Review: Total War Saga – Thrones of Britannia

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Thro­nes of Bri­tan­nia is the 12th ent­ry in the stra­te­gy fran­chise Total War. In this review we check how easy the game is to get into for total new­co­mers.

Befo­re going into this review, we want to make some­thing clear from the get-go. We have litt­le to no expe­ri­ence with the Total War games, and this is our first time actual­ly try­ing out the series. So we won’t com­pa­re it to other chap­ters of the series and will just talk about the game for what it is and for how enjoy­a­ble the game­play is. And con­si­de­ring this was our first expe­ri­ence, we were plea­s­ant­ly sur­pri­sed by it.

Thro­nes of Bri­tan­nia is set up in the years after the batt­le of Ethan­dun, a not so long peri­od of time and cer­tain­ly not full of real infor­ma­ti­on, which means that most of what hap­pens in the game is a recon­struc­tion, some­what plau­si­ble, of what could have been hap­pe­ning back then. It’s an inte­res­ting choice for a rea­listic series, but that also gives the deve­lo­pers an oppor­tu­ni­ty to learn more about the his­to­ri­cal set­ting, wit­hout giving the impres­si­on that most of it is just a work of fan­ta­sy by the wri­ters. We can choo­se bet­ween 5 dif­fe­rent fac­tions (which inclu­de the vikings) and we’ll need to gain as many vic­to­ries as we can, not only in the battle­field but also in a diplo­ma­tic or cul­tu­ral supe­rio­ri­ty.

Diplo­ma­cy in par­ti­cu­lar rep­res­ents a very important aspect of the game: we all hate each other but we also need to co-ope­ra­te for our per­so­nal gains. And we also need to be care­ful to not dis­re­gard our poten­ti­al allies, or they may turn their backs on us whenever we need them most. Some examp­les of care­ful diplo­ma­cy inclu­de mar­ry­ing one of the daugh­ters to join the realms or lend a part of our army for their war, in the hopes they’ll do the same. Some­ti­mes you can also win by fame, by basi­cal­ly play­ing the game well enough and end up get­ting more fame than the others. That will even­tual­ly gain you an auto­ma­tic win, which ends up being disap­poin­ting, as it lacks any form of real exci­te­ment.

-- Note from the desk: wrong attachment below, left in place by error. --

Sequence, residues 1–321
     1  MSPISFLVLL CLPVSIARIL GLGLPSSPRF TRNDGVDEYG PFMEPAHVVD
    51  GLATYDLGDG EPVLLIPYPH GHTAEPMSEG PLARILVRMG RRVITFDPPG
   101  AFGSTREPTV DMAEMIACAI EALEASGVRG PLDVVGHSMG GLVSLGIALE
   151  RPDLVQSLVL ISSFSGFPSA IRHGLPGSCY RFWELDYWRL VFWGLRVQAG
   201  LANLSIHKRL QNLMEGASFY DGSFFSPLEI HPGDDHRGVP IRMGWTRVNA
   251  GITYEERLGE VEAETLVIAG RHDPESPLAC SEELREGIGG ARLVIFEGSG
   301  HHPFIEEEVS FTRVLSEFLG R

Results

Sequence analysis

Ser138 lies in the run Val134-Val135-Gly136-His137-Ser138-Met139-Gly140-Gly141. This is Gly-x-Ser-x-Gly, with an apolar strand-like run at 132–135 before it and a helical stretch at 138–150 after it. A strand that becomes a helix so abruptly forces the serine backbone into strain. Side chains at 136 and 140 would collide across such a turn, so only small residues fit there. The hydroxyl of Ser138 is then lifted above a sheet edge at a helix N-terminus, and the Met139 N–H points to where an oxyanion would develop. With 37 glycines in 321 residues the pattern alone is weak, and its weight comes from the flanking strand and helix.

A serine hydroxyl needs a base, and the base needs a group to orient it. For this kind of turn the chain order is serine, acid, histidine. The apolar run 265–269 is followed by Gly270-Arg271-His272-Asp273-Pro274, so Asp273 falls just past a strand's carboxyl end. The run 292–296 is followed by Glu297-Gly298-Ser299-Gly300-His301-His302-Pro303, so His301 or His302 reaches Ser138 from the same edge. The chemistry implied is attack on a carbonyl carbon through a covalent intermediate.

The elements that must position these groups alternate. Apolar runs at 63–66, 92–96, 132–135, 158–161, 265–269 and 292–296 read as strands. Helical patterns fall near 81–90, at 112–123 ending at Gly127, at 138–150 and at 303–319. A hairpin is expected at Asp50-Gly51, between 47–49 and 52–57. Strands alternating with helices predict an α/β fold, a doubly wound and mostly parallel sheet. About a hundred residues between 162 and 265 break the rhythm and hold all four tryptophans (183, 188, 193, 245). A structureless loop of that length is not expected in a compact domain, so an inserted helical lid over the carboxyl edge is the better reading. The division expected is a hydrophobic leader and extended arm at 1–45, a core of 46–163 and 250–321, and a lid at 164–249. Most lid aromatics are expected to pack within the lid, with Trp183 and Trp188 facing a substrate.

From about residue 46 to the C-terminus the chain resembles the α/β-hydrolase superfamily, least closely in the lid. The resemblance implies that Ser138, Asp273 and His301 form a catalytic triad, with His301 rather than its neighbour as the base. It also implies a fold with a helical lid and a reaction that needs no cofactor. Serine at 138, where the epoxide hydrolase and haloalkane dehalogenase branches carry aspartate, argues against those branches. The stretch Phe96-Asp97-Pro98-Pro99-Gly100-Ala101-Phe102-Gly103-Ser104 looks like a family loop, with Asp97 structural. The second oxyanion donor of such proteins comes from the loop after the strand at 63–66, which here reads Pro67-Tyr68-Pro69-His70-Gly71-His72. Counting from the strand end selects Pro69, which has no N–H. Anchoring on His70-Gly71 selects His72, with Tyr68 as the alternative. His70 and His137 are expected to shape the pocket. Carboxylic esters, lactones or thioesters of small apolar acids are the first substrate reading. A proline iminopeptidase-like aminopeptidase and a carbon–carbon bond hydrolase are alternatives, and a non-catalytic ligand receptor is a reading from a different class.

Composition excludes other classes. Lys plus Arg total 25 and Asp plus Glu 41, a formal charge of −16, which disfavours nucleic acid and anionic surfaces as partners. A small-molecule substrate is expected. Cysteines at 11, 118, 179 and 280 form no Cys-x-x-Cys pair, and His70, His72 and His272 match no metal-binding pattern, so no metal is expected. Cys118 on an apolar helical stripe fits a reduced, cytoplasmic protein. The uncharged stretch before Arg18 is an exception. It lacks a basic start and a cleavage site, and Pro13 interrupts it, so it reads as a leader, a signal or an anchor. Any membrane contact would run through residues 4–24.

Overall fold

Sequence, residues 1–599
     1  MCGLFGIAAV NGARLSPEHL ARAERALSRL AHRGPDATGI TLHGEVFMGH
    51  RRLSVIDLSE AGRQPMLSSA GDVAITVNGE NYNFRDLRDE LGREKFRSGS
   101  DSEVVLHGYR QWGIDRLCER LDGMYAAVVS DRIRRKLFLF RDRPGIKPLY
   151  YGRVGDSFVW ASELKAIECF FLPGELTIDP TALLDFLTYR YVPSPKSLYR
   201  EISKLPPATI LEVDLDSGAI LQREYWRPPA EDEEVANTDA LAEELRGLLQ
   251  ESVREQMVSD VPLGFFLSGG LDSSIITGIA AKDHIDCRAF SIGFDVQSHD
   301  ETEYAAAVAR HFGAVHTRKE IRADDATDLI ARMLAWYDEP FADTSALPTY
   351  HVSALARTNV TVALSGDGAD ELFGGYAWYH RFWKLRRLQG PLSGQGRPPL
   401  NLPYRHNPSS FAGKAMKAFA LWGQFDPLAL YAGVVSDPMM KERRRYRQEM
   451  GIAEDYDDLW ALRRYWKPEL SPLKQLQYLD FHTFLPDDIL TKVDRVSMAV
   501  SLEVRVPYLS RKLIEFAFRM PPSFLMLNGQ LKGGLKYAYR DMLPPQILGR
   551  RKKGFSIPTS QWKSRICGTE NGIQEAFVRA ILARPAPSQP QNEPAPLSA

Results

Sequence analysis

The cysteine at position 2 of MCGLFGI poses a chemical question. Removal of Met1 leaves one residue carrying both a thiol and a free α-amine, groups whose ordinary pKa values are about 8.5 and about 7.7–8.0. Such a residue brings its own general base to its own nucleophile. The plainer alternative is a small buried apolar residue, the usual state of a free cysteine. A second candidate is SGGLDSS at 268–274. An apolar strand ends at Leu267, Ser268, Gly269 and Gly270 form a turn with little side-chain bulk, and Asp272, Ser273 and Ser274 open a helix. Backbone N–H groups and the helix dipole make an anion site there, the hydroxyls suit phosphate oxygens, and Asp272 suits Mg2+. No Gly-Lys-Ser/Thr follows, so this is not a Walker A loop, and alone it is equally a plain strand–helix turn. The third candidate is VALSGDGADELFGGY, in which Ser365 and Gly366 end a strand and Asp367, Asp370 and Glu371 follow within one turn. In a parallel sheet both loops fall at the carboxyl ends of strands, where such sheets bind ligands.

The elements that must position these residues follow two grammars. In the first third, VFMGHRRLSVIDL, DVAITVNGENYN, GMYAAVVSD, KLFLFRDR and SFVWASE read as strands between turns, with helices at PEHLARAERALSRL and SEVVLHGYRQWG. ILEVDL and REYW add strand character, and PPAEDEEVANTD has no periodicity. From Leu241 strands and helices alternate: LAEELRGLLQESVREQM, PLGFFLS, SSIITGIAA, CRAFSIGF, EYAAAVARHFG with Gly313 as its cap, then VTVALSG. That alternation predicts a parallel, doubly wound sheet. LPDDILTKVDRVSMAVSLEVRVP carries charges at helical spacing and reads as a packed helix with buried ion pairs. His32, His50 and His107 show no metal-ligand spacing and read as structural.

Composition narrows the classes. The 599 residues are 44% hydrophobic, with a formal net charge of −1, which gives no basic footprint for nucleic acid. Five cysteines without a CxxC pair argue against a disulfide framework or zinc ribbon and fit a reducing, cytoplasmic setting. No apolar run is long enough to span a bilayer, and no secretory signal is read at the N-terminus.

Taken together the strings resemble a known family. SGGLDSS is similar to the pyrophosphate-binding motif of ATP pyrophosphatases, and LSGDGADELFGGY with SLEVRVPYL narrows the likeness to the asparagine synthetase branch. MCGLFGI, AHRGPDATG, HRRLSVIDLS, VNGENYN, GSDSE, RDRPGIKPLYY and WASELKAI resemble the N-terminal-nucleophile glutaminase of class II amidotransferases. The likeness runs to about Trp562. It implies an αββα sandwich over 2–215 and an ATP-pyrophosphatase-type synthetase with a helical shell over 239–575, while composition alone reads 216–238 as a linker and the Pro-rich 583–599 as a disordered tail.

War with bru­te force is whe­re most play­ers will pro­bab­ly find the most fun, as it’s what the­se peop­le used to be some of the best at. When the time comes, you can choo­se to con­trol the tro­ops and their for­ma­ti­ons manu­al­ly or, if you don’t wan­na bother get­ting invol­ved, to let the AI play by its­elf and deci­de who the win­ner is. Batt­les take a long time to gene­ra­te (it’s also important to opti­mi­ze your gra­phi­cal set­tings and use the bench­mark fea­ture, to make sure the game will run as smoot­her as it can be) and you’ll need to be pati­ent befo­re you can get into the batt­le yours­elf. If it’s the AI to deci­de the out­co­me of the batt­le, several fac­tors will be taken into con­si­de­ra­ti­on: not only the amount of tro­ops and their for­ma­ti­on, but also stuff like the level of hun­ger and the respect that their com­man­der has. If you mana­ge to win against ano­t­her mon­arch, you may also attract the anger of their fri­ends. Pro­ving, once again, how diplo­ma­cy will keep play­ing a key role and must never be igno­red if you wan­na end up vic­to­rious.


Over­all, Thro­nes of Bri­tan­nia mana­ged to exp­lain the key fac­tors well enough to be appre­cia­ted even by a new­bie of the series. It is not per­fect by any means but it’s a gre­at star­ting point if you wan­na try to get yours­elf invol­ved in this series. It also mana­ges to work well enough on most PC sys­tems thanks to a gre­at opti­mi­za­ti­on (even if batt­les take a real slow time), so it’s defi­ni­te­ly worth che­cking out in our opi­ni­on.

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